Princeton Day School Student Brings Chess Camp to Area Youngsters
HELPING HANDS: Three friends who ran a chess program at HomeFront’s Joy, Hopes and Dreams after-school program taught the game to youths who had never played the game before. They are, from left, Jinu Ryu, Winston Ni, and Arjun Kumar.
By Wendy Greenberg
When Arjun Kumar was in fifth grade, he learned to play chess and became a competitive player. Recently, the Princeton Day School (PDS) rising senior decided he would put his passion for chess to use serving the community.
Arjun, 16, and two friends set up a program that is not for competitive players, but introduces the game to youngsters, most of whom had never played it before. It went over well.
Most of the youths in the Joy, Hopes and Dreams program at HomeFront had never moved pieces across a chess board before. But now many have a new interest, said Arjun.
The program nurtures children from birth through teenage years by providing homework help, mentoring, and cultural enrichment. It provides after-school programs on weekdays and educational and recreational programs on weekends, according to the HomeFront website. HomeFront offers housing and other services to help families break the cycle of poverty.
Arjun conducted the camp, along with classmates Jinu Ryu and Winston Ni, at the Lawrence Community Center in Lawrenceville the week of June 20 through June 24. The nonprofit organization that Arjun started last fall received a grant award, the Serve This Summer Challenge, through America’s Promise Alliance. A total of 375 grants were given to summer service projects, to young adults serving their communities. The $300 grant was used to purchase chess sets.
The program was not without challenges. “When we came there were 20-30 kids each time and a variety of ages,” said Arjun in a telephone interview. “So we were trying to teach everyone to play chess, despite the difference in ages. But after one week, a lot of kids were developing a passion for it.”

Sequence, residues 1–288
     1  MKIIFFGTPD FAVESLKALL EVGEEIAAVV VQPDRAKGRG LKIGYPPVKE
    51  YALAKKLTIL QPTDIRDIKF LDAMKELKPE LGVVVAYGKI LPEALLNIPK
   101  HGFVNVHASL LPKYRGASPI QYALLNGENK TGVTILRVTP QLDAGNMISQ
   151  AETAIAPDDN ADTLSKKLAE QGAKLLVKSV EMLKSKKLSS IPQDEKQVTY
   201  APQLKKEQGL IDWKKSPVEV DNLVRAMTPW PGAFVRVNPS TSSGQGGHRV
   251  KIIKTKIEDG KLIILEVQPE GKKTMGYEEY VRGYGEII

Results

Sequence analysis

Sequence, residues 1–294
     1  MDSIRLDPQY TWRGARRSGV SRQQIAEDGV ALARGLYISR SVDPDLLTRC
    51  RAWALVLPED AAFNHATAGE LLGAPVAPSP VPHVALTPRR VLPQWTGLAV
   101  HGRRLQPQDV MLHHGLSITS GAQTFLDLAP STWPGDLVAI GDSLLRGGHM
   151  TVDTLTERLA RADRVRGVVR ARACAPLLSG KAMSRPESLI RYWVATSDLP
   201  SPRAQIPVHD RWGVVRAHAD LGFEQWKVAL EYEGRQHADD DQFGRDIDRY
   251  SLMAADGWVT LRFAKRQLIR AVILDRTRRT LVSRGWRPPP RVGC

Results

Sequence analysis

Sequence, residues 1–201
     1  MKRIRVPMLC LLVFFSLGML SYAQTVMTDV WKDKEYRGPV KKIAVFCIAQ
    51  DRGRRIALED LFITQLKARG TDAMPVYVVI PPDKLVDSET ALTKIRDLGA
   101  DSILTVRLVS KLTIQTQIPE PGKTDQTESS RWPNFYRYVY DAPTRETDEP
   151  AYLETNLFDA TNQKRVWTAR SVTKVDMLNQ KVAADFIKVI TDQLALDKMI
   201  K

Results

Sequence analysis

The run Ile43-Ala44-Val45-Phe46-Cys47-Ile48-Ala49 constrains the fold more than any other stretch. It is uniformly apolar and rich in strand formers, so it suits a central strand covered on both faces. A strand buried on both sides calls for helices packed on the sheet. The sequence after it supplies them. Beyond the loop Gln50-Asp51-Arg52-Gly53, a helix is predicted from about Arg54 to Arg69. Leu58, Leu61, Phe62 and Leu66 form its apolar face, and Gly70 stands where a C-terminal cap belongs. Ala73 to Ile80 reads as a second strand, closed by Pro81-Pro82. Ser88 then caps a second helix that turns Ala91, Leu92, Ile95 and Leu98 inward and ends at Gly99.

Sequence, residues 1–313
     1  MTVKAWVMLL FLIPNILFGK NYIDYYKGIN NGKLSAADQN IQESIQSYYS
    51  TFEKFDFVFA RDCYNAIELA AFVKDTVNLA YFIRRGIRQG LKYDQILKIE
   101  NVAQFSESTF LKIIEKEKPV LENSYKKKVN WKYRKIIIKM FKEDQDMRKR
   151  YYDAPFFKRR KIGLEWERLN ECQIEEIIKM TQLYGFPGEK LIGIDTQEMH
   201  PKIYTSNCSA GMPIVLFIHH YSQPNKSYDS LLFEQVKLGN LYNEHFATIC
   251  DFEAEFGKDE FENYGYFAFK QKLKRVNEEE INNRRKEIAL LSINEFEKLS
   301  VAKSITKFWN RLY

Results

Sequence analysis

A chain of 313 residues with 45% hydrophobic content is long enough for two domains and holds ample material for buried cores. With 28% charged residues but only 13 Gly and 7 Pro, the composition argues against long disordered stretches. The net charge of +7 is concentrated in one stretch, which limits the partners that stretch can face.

Community service is not new to Arjun, who started his own nonprofit, Helping Hands of Princeton. “Helping Hands is a volunteer initiative. We have organized food drives for HomeFront and Trenton Area Soup Kitchen (TASK), a diaper drive, and a personal hygiene drive. We help local communities,” he said.
Other Helping Hands projects have included a personal care drive for Arm in Arm of Trenton, a book fair at Barnes and Noble for the benefit of the children’s library at HomeFront, and other programs.
Helping Hands was developed as a bridge to the community. “During the pandemic, I felt like I was in a bubble, disconnected, and I wanted to do community service to better connect with the community,” said Arjun.
“My hope is to teach everyone to play chess,” he said. “It can teach critical thinking skills, and the club is social as well.”
Arjun is president of his school debate club, and a SIMS (Success in Math and Science) center mentor at PDS. He is an avid chess player and was part of his school team that has placed in tournaments.
The youths of the Joy, Hopes and Dreams program “enjoyed what we did,” he said. “It was a new experience but they were engaged.”
Arjun, who is spending the summer as an intern in a clinical research lab at Children’s Hospital of Philadelphia studying T-cells in asthma, hopes to continue the chess programs at HomeFront, with classmates Jinu and Winston. They hope to develop a love for chess among the participants, and also hope they have fun.